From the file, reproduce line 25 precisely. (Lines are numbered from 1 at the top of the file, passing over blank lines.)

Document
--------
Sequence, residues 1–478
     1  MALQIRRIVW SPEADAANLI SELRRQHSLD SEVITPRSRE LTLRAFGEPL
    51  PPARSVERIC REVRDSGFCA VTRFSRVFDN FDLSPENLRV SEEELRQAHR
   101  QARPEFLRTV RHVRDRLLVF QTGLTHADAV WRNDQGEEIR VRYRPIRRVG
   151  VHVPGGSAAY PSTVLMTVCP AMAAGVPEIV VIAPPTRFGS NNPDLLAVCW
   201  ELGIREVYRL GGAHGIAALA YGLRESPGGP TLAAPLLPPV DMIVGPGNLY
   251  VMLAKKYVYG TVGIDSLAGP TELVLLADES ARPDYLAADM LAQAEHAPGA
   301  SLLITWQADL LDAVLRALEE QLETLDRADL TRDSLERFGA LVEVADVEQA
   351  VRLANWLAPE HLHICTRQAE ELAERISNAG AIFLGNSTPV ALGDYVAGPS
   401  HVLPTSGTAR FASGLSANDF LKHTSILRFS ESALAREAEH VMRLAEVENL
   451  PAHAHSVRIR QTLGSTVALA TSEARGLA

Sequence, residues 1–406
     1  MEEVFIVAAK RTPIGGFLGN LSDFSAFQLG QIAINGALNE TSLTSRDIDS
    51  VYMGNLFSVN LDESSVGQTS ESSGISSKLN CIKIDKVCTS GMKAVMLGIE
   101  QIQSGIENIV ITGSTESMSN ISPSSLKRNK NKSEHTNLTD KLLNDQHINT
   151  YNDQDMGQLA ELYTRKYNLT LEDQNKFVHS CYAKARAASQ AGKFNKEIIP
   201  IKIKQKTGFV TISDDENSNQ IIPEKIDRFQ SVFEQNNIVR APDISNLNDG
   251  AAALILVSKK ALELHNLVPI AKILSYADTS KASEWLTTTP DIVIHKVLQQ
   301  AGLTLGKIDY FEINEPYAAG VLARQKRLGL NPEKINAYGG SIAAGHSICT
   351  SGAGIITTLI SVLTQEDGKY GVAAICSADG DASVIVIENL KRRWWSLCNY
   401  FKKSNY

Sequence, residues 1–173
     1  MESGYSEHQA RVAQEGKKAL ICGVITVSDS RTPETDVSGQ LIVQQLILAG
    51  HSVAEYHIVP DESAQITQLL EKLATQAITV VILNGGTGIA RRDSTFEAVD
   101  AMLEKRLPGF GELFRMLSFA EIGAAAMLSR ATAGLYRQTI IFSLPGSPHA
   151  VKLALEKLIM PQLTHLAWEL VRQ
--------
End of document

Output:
   101  AMLEKRLPGF GELFRMLSFA EIGAAAMLSR ATAGLYRQTI IFSLPGSPHA